Tim Hughes: How Covid-19 is changing the way we worship
The songwriter says its time to kill our "obsession with excellence"
Uncertainty is a state that many of us have been forced to live in since the pandemic began. This was again apparent when I jumped on Zoom to interview the Birmingham-based worship leader and church planter Tim Hughes. We were due to speak about Spring Harvest – the large Christian event usually held at Butlins during the Easter holidays – at which Tim was booked to lead worship. But at the time of our call, we were both in the dark as to whether the event would run. It seemed unlikely and, sure enough, just 24 hours after our conversation, organisers confirmed: “we have taken the tough decision not to proceed with the Spring Harvest 2021 events at Minehead and Skegness and to focus on our online event.”
‘Spring Harvest Home’ will of course be different to the norm, but delegates are being promised: “exciting live worship celebrations, transformative teaching, insightful Bible study and fun kids sessions... all from the comfort of your own sofa.” The fact it’s all available at a much-reduced price of £55 per family is a bonus. And given how Covid has prevented congregational singing, 2021 also seems like an ideal year for Hughes and co to be exploring the event’s theme: ‘Unrivalled: Why we worship’.
Tell us about your involvement in this year’s Spring Harvest.
I think it’s really funny how God works. You set your main theme on worship at a time when so many people think: Worship is about singing songs in church – and we’re not able to do that. We’re locked down and are rethinking ‘what is worship?’ in a really special way.
Obviously, music is a very significant part of worship. But it’s so much more than that, and we’re seeing the Church live out worship so profoundly with things like Love Your Neighbour, which is sending food packages to people in need. The Church isn’t just saying “Jesus is good”; we’re practically demonstrating it.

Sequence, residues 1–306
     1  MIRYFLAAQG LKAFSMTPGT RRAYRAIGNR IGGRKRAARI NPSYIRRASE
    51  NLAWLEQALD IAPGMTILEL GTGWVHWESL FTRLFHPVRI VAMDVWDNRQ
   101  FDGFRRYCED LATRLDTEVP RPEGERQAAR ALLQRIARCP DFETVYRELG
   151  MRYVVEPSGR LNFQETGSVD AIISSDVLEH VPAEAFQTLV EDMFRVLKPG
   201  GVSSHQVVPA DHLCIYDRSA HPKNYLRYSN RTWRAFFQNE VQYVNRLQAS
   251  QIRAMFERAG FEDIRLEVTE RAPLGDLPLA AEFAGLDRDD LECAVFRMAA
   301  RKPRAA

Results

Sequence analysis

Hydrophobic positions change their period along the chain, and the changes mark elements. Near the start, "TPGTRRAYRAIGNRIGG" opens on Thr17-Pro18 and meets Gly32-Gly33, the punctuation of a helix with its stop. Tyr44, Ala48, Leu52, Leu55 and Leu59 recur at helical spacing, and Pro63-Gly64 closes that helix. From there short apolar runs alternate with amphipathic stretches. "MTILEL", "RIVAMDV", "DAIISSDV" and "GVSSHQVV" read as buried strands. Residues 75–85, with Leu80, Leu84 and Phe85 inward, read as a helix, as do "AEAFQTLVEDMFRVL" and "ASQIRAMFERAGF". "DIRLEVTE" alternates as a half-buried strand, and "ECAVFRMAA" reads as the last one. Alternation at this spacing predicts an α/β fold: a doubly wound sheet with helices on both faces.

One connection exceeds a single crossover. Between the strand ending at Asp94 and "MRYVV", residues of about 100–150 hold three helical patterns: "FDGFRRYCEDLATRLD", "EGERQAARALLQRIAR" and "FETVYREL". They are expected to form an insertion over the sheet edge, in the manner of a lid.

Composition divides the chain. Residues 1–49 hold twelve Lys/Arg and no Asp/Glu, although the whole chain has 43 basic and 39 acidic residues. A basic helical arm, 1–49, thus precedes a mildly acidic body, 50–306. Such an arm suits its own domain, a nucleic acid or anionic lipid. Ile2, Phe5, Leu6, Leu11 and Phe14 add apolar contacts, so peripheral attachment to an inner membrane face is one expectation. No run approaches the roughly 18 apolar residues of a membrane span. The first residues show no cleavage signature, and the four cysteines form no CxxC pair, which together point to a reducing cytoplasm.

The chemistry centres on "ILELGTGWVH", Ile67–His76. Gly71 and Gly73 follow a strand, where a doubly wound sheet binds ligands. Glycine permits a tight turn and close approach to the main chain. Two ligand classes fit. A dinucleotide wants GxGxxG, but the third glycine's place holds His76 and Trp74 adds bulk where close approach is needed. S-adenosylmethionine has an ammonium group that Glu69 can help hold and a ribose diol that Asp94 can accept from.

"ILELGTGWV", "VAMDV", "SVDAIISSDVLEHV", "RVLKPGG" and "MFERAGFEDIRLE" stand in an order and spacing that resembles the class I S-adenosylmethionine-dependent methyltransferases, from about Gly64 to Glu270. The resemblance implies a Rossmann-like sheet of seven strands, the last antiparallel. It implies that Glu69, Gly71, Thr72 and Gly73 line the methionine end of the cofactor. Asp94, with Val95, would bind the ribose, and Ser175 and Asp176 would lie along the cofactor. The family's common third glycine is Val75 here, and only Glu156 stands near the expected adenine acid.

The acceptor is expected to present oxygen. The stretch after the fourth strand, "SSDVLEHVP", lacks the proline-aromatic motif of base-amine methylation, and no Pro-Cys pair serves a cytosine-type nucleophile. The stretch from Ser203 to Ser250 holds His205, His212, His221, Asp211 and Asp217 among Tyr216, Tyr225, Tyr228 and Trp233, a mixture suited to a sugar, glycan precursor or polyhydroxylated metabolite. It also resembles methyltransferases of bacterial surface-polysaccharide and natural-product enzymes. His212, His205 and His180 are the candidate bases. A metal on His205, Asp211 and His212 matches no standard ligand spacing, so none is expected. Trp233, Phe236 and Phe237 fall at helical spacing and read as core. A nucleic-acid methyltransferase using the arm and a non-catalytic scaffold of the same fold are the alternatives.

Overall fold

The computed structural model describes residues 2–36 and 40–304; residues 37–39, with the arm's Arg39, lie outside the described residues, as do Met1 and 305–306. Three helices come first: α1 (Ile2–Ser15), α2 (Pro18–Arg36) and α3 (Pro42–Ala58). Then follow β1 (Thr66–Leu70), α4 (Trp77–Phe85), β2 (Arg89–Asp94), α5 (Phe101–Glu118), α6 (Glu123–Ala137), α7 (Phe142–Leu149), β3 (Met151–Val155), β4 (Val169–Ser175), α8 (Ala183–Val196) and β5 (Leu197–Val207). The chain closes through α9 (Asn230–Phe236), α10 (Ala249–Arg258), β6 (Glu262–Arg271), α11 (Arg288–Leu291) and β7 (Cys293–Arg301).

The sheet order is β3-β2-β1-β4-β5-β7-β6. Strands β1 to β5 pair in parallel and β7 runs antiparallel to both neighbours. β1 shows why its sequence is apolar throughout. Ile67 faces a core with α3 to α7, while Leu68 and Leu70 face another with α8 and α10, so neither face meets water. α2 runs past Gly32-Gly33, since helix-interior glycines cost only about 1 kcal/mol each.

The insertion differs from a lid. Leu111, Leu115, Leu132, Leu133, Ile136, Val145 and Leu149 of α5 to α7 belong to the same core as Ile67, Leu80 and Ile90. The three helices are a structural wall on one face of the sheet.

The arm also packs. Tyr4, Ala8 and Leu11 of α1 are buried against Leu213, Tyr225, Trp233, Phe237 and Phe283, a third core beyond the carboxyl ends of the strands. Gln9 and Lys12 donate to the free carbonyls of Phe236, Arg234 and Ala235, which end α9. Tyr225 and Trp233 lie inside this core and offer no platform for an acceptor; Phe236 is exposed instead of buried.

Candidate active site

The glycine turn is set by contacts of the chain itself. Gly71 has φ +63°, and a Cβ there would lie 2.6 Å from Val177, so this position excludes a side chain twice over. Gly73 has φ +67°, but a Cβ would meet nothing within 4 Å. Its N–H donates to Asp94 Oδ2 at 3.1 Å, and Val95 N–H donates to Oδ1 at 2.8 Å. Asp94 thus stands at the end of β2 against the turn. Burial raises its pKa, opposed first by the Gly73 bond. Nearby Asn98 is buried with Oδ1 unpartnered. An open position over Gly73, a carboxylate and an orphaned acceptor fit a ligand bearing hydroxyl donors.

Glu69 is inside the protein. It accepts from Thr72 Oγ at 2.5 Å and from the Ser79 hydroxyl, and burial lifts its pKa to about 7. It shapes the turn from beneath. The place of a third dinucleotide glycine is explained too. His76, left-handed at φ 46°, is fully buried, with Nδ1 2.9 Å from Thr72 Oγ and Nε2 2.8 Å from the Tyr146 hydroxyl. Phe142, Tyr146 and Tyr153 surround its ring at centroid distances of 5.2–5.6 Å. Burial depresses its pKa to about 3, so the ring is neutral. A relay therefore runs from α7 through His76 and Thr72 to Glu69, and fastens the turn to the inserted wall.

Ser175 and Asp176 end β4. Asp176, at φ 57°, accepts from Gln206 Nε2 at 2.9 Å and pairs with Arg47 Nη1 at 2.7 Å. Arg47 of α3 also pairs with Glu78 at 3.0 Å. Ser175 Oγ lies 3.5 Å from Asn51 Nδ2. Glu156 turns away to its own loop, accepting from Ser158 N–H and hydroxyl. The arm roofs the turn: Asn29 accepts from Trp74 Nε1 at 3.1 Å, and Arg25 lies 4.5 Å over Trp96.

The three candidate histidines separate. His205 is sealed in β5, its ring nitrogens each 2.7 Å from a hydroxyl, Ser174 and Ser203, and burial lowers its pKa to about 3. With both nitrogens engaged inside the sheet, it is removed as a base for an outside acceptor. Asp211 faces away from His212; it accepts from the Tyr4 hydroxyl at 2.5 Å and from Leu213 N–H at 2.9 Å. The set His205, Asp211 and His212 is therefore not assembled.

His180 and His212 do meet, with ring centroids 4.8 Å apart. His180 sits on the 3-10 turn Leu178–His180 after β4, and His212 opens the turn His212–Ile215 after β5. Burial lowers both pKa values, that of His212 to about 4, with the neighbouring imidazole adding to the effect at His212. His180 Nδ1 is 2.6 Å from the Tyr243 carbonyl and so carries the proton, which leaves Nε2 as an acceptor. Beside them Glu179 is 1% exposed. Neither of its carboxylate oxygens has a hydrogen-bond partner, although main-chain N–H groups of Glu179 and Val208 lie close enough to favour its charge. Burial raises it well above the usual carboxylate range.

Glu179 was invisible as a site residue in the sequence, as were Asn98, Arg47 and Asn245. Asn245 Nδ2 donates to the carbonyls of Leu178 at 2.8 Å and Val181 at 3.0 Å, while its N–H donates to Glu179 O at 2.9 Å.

Do you think church leaders should be encouraging people to stand up and sing, and engage with church services, even though they’re watching a laptop or TV screen? Or should our responses during sung worship look different when we’re at home?
I think that there’s a real encouragement that needs to happen around: “Don’t just sit back and watch.” Y’know, you’re not watching Downton Abbey! This isn’t a chance just to consume.
So, we will often say: “Why don’t you stand?”, to shift people away from sitting back. We predominantly livestream services through YouTube, and we’ll encourage you to put a comment up – a worship or prayer emoji or say what you feel God is saying. We’re connecting in worship through the comments.
Last month, Matt Redman said in his cover story for Premier Christianity that without a sense of God’s holiness in the mix, we can’t even call it ‘worship’. He said we need more songs about the majesty and awesomeness of God. What did you make of it?
Matt and I both grew up through Soul Survivor, and I remember the friendship and the fear were always key parts of that. It’s the awe, and the intimacy. That’s the beautiful mystery of the Christian faith – it’s the only faith where you can know and be loved and cherished by the creator of the heavens and the earth. We’re not killing ourselves to try to please and impress him.
But I do think the Church needs to regain a sense of the otherness, the power, the transcendence of God. When we begin to reclaim holiness in our worship, we begin to regain a sense that our lives need to be biblically based. So many are being shifted by culture and being led by what feels right. Actually no, we are Jesus-centred people; we’ve got to be a Bible-based people. We’ve seen this a lot in our church – repentance. We’re seeing areas where we’ve got casual and apathetic and compromised. Because of this pandemic there’s a real shaking and a sense of: “God, we want to get right with you.”
You’ve edited a new book with Nick Drake, which is entitled Why Worship? (SPCK), and features chapters from lots of different Christian leaders. What were some of their answers to that question?
One of the things that runs through the book is this idea that worship is transformational. To worship is to change.
I finish the book by talking about this radio interview during the Second World War when William Temple, who was the Archbishop of Canterbury, said: “This world can be saved from political chaos and collapse by one thing, and that is the worship of Jesus Christ.”
A people putting Jesus first and living lives that overflow out of the celebration and joy of who he is leads to radical discipleship and holiness, a completely different way of thinking around sexuality and money and care for those in need – all of these different things. That begins to change not only us, but the world around us.